Changing the ATOL Scheme Doesn’t Go Far Enough
Yesterday the transport minister, Theresa Villiers, announced reforms to the way holidays are bonded. Or rather she announced what the government proposed to do subject to consultation. After that, and provided there aren’t suggestions, watered down ideas or whatever, the legislation will come in until the end of the year.
The government is proposing that bonding should occur if you book flight and accommodation separately at the same place at roughly the same time. If your holiday looks like a package holiday but it isn’t currently legally defined that way it will be when the legislation comes in. The second proposal is to deter businesses from selling you something that isn’t bonded but looks like it. They must make it clear to you what the situation is. Finally, there will be simplified single document that you will be handed which explains when protection is in place.
This is the first change in 15 years and, in my opinion, goes nowhere near far enough. For the package holiday industry it gives them a slightly more level playing field with those who don’t provide bonding and it will help to remove the doubts that you are not covered if you buy separate items from the one supplier. But it offers nothing to the holidaymaker who buys an airline ticket from one source and accommodation from another. The accommodation is less of an issue because, in most cases, you can cancel a booking up to 24 hours or even 6pm on the day of arrival. The issue remains with the plane ticket. If an airline goes bust, the only recourse is to have bought the ticket on a credit card and then appeal to the credit card company for a refund. If you use a debit card – which more people are doing to avoid the credit card charges- you have no recourse. In effect the credit card charge is becoming your “insurance” for the journey. And expensive insurance it can be too.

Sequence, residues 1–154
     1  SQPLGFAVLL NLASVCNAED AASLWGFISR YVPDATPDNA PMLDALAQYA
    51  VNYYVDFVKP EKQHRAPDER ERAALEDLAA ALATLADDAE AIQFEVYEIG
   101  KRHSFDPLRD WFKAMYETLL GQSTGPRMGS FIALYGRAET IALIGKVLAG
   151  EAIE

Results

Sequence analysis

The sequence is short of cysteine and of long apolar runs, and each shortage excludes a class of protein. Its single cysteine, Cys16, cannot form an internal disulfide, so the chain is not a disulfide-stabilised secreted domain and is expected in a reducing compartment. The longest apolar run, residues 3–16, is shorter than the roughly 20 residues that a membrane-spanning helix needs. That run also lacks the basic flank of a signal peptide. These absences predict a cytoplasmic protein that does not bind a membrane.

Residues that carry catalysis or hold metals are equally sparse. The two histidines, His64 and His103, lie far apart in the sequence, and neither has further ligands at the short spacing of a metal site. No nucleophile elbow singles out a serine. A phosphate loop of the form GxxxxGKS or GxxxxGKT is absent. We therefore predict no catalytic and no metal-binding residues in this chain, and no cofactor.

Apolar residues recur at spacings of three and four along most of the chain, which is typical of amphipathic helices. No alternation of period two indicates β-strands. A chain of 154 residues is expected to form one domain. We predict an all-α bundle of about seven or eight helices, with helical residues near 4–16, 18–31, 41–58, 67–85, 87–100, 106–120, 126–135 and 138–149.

And what if you buy a hotel recommended on an airline website? Or an airline ticket from a hotel website? You still won’t be covered. ABTA, TUI and Thomas Cook have all said the change doesn’t go far enough.
We pay the bond fee of £2.50 per booking which is collected by the travel agent under the present rules. Why can’t airlines (or hotels if they offer flights on their websites) add a similar fee to their bills (they add everything else on) yet pass this to a bonding scheme so we are covered? Until then this system will still be a difficult mess to understand; – as transparent as a brick wall.